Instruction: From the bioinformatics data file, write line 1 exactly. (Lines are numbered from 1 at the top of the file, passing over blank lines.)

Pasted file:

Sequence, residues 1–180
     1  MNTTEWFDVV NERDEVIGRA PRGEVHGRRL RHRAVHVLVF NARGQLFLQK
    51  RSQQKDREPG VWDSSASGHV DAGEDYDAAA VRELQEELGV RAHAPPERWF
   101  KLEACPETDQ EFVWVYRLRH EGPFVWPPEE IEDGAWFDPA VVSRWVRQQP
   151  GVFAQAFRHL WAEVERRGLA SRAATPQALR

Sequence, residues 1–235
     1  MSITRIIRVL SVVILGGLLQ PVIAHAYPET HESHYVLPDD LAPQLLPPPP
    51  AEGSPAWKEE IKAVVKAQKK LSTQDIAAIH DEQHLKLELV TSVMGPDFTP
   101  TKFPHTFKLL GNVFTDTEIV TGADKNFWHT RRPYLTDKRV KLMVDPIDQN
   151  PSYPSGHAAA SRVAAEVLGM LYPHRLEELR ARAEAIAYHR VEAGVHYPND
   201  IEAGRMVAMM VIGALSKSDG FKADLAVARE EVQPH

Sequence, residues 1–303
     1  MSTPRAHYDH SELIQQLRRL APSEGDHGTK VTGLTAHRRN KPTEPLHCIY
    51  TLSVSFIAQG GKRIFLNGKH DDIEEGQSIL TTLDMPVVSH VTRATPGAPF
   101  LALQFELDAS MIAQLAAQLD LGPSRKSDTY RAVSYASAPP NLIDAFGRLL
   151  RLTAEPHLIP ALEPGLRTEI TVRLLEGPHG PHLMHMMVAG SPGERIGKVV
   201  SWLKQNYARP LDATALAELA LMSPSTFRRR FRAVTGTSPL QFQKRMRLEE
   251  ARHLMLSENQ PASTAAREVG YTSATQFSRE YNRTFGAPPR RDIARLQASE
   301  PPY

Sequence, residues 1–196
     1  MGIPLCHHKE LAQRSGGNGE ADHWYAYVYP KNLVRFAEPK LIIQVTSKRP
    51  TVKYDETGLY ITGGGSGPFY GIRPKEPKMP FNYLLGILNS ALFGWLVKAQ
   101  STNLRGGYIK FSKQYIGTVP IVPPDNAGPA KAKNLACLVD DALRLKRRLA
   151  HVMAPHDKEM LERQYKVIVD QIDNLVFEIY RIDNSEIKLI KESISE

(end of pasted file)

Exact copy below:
Sequence, residues 1–180